child, how can you pick him up, dust him off and support him moving forward? Judy Arnall, BA, Certified Family Life Educator and toastmaster speaker offers webinars and conference breakouts on every family life topic from babies to emerging adults.
JJudy Arnall, BA, is a Certified Canadian Family Life Educator, author of the bestselling, “Discipline Without Distress” book and offers classes and live webinars across Canada.
Judy Arnall is Me in a Tree Advisory Board Member.


Remember the good old days when you were single and bad hair days were a once-in-a-while thing?

Even though you have more bad hair days than good, pampering yourself is important to not only your well-being, but also your family’s. When you have demand after demand flooding in and dropping itself on your to-do list, it’s easy to become miserable, exhaust your physical and emotional reserves, and start snarling at your partner and children. One of the greatest gifts you can give your family, especially with the holiday season sneaking upon us, is to give them a healthy, happy mom. So, mom, take care of yourself, and your family will thank you.

Here are some ideas to relax.
• Take a bubble bath – take two hours, grab some wine or your favorite beverage, fill the tub with some fabulous bubbles or salts or whatever suits your fancy, and indulge in pure relaxation for a couple of hours.
• Go to the hair salon – nothing feels quite as good as when someone plays with your hair. Make a recurring appointment to get your hair styled, colored, cut, or blown out. If hair salons aren’t your thing, try a nail salon and get a mani/pedi.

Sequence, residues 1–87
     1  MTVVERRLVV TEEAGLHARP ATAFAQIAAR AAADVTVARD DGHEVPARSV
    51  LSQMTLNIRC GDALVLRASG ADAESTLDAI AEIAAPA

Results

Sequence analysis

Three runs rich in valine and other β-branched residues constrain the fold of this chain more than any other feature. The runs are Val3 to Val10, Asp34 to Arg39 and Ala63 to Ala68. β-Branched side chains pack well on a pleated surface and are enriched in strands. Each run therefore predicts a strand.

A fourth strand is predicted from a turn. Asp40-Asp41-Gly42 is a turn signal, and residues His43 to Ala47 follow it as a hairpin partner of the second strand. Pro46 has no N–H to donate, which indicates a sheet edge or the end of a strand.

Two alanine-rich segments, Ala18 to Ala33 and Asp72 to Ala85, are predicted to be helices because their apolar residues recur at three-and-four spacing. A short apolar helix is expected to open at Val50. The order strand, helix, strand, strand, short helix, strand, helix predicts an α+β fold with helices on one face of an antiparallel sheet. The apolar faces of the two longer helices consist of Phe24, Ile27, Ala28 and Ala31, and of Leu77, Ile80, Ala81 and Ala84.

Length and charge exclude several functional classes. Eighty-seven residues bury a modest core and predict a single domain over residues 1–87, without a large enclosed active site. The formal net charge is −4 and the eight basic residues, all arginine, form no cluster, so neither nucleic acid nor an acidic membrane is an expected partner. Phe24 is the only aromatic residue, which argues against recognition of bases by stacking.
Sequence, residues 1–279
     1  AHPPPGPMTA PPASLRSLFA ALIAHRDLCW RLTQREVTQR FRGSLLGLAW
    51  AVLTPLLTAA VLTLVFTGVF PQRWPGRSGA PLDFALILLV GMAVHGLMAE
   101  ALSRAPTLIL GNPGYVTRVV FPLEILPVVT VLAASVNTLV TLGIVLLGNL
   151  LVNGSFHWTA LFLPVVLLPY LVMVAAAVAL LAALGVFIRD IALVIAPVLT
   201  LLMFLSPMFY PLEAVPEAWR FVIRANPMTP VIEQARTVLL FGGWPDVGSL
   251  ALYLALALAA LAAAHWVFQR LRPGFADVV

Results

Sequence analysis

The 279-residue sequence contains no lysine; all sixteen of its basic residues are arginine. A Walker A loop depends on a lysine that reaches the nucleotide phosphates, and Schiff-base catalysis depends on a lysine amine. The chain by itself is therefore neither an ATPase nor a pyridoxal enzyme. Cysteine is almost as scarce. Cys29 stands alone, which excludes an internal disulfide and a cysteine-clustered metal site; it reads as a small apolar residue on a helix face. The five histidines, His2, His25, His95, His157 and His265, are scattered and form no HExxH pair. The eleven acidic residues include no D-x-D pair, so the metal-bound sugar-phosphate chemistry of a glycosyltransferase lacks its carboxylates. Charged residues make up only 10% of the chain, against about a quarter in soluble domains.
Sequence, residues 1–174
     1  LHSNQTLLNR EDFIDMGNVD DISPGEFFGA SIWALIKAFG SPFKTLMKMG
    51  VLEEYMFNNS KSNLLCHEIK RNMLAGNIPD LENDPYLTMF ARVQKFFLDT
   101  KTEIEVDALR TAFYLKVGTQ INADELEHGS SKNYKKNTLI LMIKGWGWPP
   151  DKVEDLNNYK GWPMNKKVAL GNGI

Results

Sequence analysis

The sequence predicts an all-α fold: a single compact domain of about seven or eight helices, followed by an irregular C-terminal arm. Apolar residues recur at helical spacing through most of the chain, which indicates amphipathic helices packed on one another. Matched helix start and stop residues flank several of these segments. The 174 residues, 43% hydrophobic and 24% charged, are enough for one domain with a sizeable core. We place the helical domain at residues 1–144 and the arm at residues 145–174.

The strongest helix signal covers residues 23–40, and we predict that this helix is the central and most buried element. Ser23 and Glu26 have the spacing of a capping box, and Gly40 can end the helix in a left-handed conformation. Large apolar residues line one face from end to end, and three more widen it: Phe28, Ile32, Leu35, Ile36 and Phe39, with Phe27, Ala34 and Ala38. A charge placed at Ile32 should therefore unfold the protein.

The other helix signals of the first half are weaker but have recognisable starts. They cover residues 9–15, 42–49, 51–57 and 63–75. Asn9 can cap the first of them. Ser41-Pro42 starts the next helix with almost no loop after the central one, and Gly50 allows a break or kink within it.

• Go shopping. Depending on who you are, shopping can be one of the most relaxing activities, but expensive, so limit this activity a little bit.
• Read. As simple as this is, an hour of reading something other than a magazine or a children’s book can do wonders to clear your head and relax your body (and mind).
• Go on a date. Go to a restaurant or a movie with your partner and enjoy some time together.
• Arrange a weekly get together with other moms. Spending time with other women who are experiencing the same issues is cathartic and it builds a support community.

Remember this one thing: don’t feel guilty about taking time for yourself. It is one of the best things for a happy and healthy family.



Scheduling time with each child (if you have more than one) is a very important part to creating valued traditions that your children will cherish forever. Scheduling time with each individual child builds a special rapport and allows you to bond in a way that is unique to each child.